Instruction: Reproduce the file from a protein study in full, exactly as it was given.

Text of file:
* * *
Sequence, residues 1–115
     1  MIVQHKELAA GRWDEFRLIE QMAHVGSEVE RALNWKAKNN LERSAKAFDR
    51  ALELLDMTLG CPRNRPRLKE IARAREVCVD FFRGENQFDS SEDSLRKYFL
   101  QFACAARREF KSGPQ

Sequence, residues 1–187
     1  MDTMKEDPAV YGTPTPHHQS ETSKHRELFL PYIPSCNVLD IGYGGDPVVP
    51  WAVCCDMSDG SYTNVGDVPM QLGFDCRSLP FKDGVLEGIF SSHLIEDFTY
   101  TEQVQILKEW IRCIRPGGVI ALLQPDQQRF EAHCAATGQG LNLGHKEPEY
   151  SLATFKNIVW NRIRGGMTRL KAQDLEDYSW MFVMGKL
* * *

Sequence, residues 1–115
     1  MIVQHKELAA GRWDEFRLIE QMAHVGSEVE RALNWKAKNN LERSAKAFDR
    51  ALELLDMTLG CPRNRPRLKE IARAREVCVD FFRGENQFDS SEDSLRKYFL
   101  QFACAARREF KSGPQ

Sequence, residues 1–187
     1  MDTMKEDPAV YGTPTPHHQS ETSKHRELFL PYIPSCNVLD IGYGGDPVVP
    51  WAVCCDMSDG SYTNVGDVPM QLGFDCRSLP FKDGVLEGIF SSHLIEDFTY
   101  TEQVQILKEW IRCIRPGGVI ALLQPDQQRF EAHCAATGQG LNLGHKEPEY
   151  SLATFKNIVW NRIRGGMTRL KAQDLEDYSW MFVMGKL